A record number of students applied for summer assistant positions with GW Housing Programs, marking the fifth consecutive year applications have increased.
The increase prompted housing to expand the program by four students after 366 students applied for 29 summer positions.
Summer assistants are required to work an average of 23 hours per week in the housing office on Foggy Bottom, or an average of 26 hours per week in the Mount Vernon Campus office. The assistants coordinate students and guests living in residence halls for the summer, distributing access cards and responding to resident concerns, according to the GW Housing Programs website.
“The summer assistant position is so attractive because we really make it flexible,” said Associate Director of GW Housing Programs Harry Knabe. “How we schedule and go about staffing allows students to maximize what they want to do.”
Knabe attributes the 22-person increase to word-of-mouth, as students who worked as summer assistants during past summers told their friends about the position.
“We want students to work with us, and we then allow them the flexibility to do other things, like internships, with their summers,” Knabe said. “A lot of students that have worked for us have had this experience, and then tell their friends about it. We want this to be a valuable experience to them, not just an inroad to free housing.”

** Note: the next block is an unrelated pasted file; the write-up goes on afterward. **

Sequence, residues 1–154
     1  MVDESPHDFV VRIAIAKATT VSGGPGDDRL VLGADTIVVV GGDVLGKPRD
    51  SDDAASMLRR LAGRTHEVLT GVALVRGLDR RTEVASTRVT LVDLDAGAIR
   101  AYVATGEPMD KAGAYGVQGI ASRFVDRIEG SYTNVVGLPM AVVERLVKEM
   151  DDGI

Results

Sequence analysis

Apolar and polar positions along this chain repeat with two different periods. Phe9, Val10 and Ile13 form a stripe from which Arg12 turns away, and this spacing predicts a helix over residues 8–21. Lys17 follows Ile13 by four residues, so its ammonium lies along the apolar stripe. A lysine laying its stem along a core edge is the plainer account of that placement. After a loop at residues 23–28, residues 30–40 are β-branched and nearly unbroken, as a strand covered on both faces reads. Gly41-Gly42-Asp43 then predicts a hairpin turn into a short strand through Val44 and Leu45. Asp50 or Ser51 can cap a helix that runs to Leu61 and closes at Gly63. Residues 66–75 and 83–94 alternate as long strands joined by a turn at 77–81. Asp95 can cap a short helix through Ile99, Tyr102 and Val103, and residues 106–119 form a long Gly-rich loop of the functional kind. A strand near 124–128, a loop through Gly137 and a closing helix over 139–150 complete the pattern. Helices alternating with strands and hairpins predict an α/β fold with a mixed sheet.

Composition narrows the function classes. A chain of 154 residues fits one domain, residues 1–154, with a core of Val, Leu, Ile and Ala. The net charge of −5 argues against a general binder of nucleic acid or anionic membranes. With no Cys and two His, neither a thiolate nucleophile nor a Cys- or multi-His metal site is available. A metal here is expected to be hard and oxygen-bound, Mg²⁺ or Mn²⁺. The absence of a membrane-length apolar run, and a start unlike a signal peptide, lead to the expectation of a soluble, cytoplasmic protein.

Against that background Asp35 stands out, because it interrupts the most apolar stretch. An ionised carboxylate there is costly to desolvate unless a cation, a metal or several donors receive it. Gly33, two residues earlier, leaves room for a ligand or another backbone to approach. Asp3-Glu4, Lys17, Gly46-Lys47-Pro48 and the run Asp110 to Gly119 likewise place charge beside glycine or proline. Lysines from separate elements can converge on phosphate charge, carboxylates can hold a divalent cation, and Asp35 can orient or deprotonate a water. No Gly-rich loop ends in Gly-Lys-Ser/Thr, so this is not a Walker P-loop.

The position pays $8.25 an hour and gives students free housing.
Sophomore Jessica Carson was hired as a summer assistant last year. She continued to work for housing during the academic year, and was hired for a summer position again for 2011. She was first attracted to the position because it offered free housing in D.C.
“Before I worked for housing, my main intention was to find a job that would allow me to stay here over the summer. After working as a summer assistant last year, it totally became something far more than just living for free in D.C.,” Carson said.
Carson said she thinks the increase in applications is due to several variables.
“I think over the past five years or so D.C. has become known as a great place for young people,” Carson said. “I think it is a mix of this and of people becoming more money-conscious. Their parents are not willing to pay thousands of dollars for their child to go to an internship three times a week.”